Who’s building Austin? As city grows, construction workers are getting left behind
Thursday, September 1, 2016 by Cate Malek
At the end of the workday in downtown Austin, streams of construction workers start pouring out of the city. They spend their days building the condos and office buildings that will make up the new Austin, but they go home to surrounding suburbs and cities where they can afford to live.
Much has been made of Austin’s rapid growth, but labor advocates say the people responsible for building the city have been lost in the rush. Texas construction workers face a litany of problems, from low pay to lack of workers’ compensation insurance to insufficient training, among many others.
This week, City Council may try to address some of those issues for workers in Austin with a proposal that would offer developers a faster permit review process in exchange for adopting worker protections. But the proposal has proved controversial among those who say it will further weigh down an already burdensome permit system.
“While I understand why those that have the means to pay for the expedited review would want to just be able to pay for it and be done with it,” Council Member Greg Casar told the Austin Monitor, “I think that there’s a great community benefit that we can get by setting up requirements for affordable housing and worker protections as part of that process.”
Felix Jimenez knows intimately how difficult it can be to do construction in Austin. Originally from Córdoba, in southeastern Mexico, Jimenez, 40, works in roofing, one of the more dangerous construction jobs.
He remembers one job nine years ago. The work was difficult, with 12-hour shifts in the Texas sun with only one hour for a lunch break. He and the other five workers were being paid only $5 per hour. After six months of work, the contractor refused to pay them. For Jimenez, this was devastating.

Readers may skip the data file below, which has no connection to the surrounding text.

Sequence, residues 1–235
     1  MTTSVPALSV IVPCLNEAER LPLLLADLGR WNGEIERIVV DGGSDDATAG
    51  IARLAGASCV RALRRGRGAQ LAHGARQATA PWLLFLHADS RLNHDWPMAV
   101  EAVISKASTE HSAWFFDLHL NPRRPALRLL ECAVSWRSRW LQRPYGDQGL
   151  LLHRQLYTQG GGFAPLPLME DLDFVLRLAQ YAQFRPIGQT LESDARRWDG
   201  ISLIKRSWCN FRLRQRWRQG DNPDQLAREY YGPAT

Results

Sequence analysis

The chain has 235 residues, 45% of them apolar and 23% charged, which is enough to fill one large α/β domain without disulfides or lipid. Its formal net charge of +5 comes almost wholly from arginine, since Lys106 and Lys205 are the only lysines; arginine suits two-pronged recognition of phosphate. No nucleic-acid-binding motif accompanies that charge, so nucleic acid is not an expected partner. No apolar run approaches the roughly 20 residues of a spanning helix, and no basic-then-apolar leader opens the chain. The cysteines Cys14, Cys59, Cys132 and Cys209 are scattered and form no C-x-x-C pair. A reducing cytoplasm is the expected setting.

“It was December,” he told Monitor in Spanish. “It was hard because I couldn’t buy gifts for my children or pay rent. It was a lot of pressure.”
Through legal action and after some negotiations with his employer, Jimenez was able to recover the $4,000 he was owed. But he said the experience is common.
“It happens a lot,” he said, and then after a pause, “always.”
Jimenez actively supports the proposal to include worker protections in the expedited permit review process. He has been advocating for the Workers Defense Project, one of the backers of the worker protection proposal.
Although Jimenez doesn’t have legal papers to work in the United States, he was adamant about using his real name because he wants to stand up for himself and other construction workers.
“We have to have courage because we have seen so many of our friends go through hard times,” he said.
The statistics back up Jimenez’s account. Like him, the large majority, over 80 percent, of Texas construction workers are Hispanic or Latino, according to a yearlong study conducted by WDP, the University of Texas and others. Also, like him, 22 percent of workers said they had been denied payment for their work, the report said.